One of them responded: “We’re just following the law.”
The Michigan Medical Marihuana Act says patients can grow for themselves or caregivers can grow for up to five patients. The law, in effect since April 2009, is silent on dispensaries. Many popped up anyway around the state, including at least 20 in Washtenaw County.
A state appeals court ruling this week made the transfer of money for pot between patients illegal at dispensaries. Following the ruling, State Attorney General Bill Schuette said dispensaries are not legal and can be shut down.
MedMar supplied about 800 patients as of Wednesday. It won’t be supplying any now.
After the black and silver unmarked LAWNET vehicles pulled out of the lot about 12:30 p.m. Thursday with their collection from the shop, protesters staked their signs around the building and ventured into the dispensary.
Police hadn’t ransacked the shop, but files, marijuana and computers were gone.
Donna Paridee, a worker and a patient at the dispensary, looked through her desk to see what was missing. A drawer full of patient identifications cards and cash was gone, she said. So was her computer. She put her hands over her eyes and worried out loud what police would be doing with the patients’ information.
A woman who said she was the girlfriend of an employee who’d been taken into custody showed up. She had tears in her eyes and Paridee hugged her. The girlfriend wondered outloud if things could get any worse.
Paridee suggested she think of the people who lost their lives on 9/11.
Ream took a couple of reporters to the dispensary's back room, where the different marijuana strains had been kept on display in glass cases. A two-way mirror broadcast the growing number of people milling around in the lobby.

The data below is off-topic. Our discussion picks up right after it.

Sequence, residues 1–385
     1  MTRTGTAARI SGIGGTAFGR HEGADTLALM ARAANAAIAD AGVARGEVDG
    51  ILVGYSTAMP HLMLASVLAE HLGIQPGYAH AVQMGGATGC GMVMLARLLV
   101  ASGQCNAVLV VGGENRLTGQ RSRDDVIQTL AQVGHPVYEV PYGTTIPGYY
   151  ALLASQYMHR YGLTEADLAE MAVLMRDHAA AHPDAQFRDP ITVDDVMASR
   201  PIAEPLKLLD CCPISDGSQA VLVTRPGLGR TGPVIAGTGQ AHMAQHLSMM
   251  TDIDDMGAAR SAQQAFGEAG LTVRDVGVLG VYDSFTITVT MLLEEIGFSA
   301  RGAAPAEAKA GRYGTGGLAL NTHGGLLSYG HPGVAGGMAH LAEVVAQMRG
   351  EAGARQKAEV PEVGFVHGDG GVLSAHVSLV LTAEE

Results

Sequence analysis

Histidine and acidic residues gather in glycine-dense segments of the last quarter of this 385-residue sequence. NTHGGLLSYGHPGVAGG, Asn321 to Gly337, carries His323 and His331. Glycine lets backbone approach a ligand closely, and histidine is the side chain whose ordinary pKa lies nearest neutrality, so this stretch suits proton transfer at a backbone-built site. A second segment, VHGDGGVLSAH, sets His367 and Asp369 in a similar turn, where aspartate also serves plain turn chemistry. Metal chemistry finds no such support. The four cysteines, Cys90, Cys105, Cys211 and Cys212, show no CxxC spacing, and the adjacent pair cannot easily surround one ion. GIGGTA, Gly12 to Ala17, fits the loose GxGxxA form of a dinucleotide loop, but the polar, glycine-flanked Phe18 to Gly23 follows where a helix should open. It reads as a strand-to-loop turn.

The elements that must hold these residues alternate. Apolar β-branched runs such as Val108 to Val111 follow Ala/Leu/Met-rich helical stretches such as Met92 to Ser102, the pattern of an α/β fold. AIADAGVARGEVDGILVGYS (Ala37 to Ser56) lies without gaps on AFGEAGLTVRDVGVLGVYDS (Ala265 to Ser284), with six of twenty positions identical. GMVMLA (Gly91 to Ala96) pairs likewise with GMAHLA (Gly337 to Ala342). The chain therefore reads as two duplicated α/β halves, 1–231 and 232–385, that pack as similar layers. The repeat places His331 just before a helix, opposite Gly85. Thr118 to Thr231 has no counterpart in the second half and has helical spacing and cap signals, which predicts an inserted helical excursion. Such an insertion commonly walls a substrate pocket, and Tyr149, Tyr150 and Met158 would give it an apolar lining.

All of the marijuana kept in the glass cases was gone. Nine safes in a back room that had held marijuana and cash were open and empty. Computers were also gone and the security cameras were unplugged. Ream estimated police seized a few thousand dollars and up to 3 or 4 pounds of marijuana.
"Who funds this whole operation?" a reporter asked.
“That’s not important now,” Ream said.
Further back in the dispensary are a kitchen, offices, a security room and a room with a massage table.
“No one smokes weed in there,” Ream said of the massage table room. “We offered health services, like massage.”
In the kitchen, Ream opened the refrigerator to find the officers missed two pot cupcakes and a chocolate bar. All the other “medibles,” foods containing marijuana, were gone, too, Ream said.
Back outside, people who witnessed the raid smoked cigarettes and looked upset.
A woman walked in who was interested in paying the $12 fee to join MedMar and purchase marijuana.
Ream told her about the raid. The woman and Paridee talked anyway at her emptied desk.
Ream said that, for now, everyone at the dispensary is out of work.
“It’s done right now, but we shall return and will be back with a bang,” he said.